There has been much discussion lately in the breastfeeding advocacy community concerning the behavior of breast pump manufactorer Medela and whether Medela is in violation of the World Health Organization Code of Marketing of Breastmilk Substitutes. Understanding how Medela is violating the Code takes some sophistication and explaining. It isn’t as obvious as formula manufacturers giving free samples to women who have only contaminated water with which to prepare a product that stands a significant chance of killing their new babies. Medela is marketing bottles – bottles free of leaching plastics – so how is that something for which the company should be sanctioned?
Go over to Hoyden About Town, an Australian blog, and read Medela Bites its Thumb at the WHO Code. Everything you ever needed to know about how the Code works, how Medela’s current marketing violates the Code, how and why that is a very bad thing, and footnotes. Some of the blog entry has information about Code compliance in Australia which a non-Australian might be tempted to skip. I encourage you to read it anyway because every country has responded to the Code in ways that may or may not be analogous to Australia and reading about Code violation there helps put other Code violation into context. Trust me.
After you read Hoyden About Town, take a good look at Medela’s latest public statement on its own behavior. Medela openly admits that it is currently violating the WHO Code:
these activities bring Medela in a conflict with the current interpretation of the WHO Code with regard to the marketing of bottles and teats [“nipples” for those of us who speak American].
but, hey, Medela says that is okay because:
After a careful evaluation we believe our actions continue to support the WHO Code’s intent to support breastfeeding and oppose breastmilk substitutes. However, we recognize and sincerely regret that our actions may be considered as a WHO Code violation.
So, in one statement, Medela admits it is violating the WHO Code, claims to be supporting the intent of the Code, and regrets its “actions may be considered as a WHO Code violation.” Excuse me? Clearly the translation is “Medela has decided to make more money marketing bottles so we don’t care about the WHO Code.”
Medela needs to hear that its customers do indeed care about the WHO Code. La Leche League International and the International Lactation Consultant Association have both pledged to stop doing business with Medela (and for LLLI that means refusing grants). Hoyden About Town has suggestions for alternative Code compliant products. Profits more important than childrens’ lives? Then we can do without Medela.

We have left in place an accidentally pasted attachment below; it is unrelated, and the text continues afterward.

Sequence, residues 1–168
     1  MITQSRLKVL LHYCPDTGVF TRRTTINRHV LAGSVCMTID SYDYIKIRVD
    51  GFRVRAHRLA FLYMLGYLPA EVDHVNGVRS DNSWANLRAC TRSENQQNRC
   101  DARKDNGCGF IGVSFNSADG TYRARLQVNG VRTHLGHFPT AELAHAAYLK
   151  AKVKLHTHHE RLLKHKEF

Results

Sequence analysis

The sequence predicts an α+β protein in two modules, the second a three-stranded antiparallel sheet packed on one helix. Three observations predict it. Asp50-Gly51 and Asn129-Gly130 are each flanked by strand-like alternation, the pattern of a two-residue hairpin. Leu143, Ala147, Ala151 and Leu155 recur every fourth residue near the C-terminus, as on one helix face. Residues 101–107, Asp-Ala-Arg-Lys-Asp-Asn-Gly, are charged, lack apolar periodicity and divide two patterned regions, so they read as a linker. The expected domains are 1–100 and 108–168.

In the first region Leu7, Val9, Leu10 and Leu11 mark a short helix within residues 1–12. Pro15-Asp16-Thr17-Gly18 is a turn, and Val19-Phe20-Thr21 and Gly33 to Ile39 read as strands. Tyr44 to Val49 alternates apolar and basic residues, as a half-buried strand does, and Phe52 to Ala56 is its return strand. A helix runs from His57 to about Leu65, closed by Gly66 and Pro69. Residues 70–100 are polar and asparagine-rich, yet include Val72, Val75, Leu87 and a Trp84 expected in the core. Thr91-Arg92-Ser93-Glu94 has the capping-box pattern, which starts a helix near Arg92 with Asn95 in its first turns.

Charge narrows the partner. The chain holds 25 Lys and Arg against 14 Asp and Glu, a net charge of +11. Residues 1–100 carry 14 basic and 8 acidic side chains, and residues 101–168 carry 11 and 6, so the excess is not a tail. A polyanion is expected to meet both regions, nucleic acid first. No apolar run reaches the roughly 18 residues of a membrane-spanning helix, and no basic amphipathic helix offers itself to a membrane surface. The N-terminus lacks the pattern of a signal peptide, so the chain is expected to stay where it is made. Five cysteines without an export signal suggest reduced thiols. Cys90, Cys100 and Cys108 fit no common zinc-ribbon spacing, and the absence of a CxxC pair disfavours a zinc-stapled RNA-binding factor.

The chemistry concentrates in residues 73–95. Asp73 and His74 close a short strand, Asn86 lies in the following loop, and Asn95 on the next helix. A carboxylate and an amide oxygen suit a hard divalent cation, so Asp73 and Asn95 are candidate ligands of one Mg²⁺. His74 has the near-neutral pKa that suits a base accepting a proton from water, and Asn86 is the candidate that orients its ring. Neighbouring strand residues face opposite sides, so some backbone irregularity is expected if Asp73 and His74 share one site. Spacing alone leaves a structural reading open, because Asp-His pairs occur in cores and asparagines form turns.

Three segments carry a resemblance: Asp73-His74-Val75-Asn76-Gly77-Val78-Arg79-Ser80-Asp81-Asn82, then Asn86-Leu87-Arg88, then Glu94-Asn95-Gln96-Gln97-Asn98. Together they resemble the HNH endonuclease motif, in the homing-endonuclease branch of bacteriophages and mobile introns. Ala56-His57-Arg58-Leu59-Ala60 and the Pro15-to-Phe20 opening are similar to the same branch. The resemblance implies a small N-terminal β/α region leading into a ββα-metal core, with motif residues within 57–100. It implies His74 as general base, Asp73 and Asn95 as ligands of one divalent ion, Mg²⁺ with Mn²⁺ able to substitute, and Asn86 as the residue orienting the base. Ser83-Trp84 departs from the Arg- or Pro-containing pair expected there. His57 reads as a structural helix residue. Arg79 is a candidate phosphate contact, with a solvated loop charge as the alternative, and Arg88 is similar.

- Sarah March 12th, 2009 at 6:38 pm · Reply This is so sad. Medela makes not only high-quality breast pumps, but also other products that have helped many mothers continue with breastfeeding. Now they are selling out babies and mothers to make more money pushing bottles and pushing babies from their mothers’ breasts where they belong. Breastfeeding coalitions and nonprofit groups (such as La Leche League entities) will struggle even more for operating and outreach funding now that another big company has crossed over to the other side.
- Jake March 13th, 2009 at 6:30 pm · Reply It does seem to be such a clear case of putting profit before all else.
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- Marva Beaver RN May 6th, 2009 at 7:19 am · Reply I feel Medela is being treated unfairly. In the US, most new working mothers only get 6 weeks(usually unpaid) maternity leave. It is only by pumping and leaving the bottles to be given to the baby while mom is at work does the baby get breastmilk at all.
Do maternity leave policies need changed? Undoubtedly. But Medela should not be censored for selling good products that help working moms feed their babies breastmilk.
- Jake May 6th, 2009 at 11:36 am · Reply I understand your concern about the availability of products for pumping women, Marva. However, Medela’s violation of the WHO Code does not stem from its *selling* certain products. The WHO Code violation is in the way Medela has voluntarily chosen to *market* those products.I fail to see how Medela is being treated unfairly. Medela has made the choice to market its non-pump products in a way that discourages women from breastfeeding. Nothing in the WHO Code prevents Medela from manufacturing and selling bottles – in fact when I was pumping I used a Medela pump and the bottles that came with it. Medela has made a corporate decision that hurts breastfeeding and pumping women. The fault here lies with Medela.
- LisaMay 7th, 2009 at 8:28 am · Reply Medela is a breast pump manufacturer and thus would of course have to offer safe bottles to pump the milk into. What in the world is wrong with this?
- Jake May 7th, 2009 at 10:41 am · Reply Medela has long sold bottles and done so in a manner that complies with the WHO Code. If you read the links above in this blog post, you can read how the change in *marketing* strategy violates the Code.
- Leonel @ Medela Breast Pump Review February 12th, 2010 at 10:50 am · Reply I see that these posts are from 2009. Are there any updates to the company’s compliance issue with WHO?
- Jake February 13th, 2010 at 1:20 pm · Reply @Leonel, I am not aware of any updates regarding Medela’s WHO Code compliance. Looks like you should be more in touch with Medela than I am. No?
Jake´s last blog ..Haiti, Hell, Good Intentions, and Breast Milk Donations
- Sandy February 24th, 2010 at 5:10 pm · Reply Medela is not “the only game in town” and their arrogance in deliberate WHO Code violation should speak volumes of their priorities (profits)!
I support ILCA and suggest that this is an opportunity to explore competitors (ie Ameda) who also offer quality products.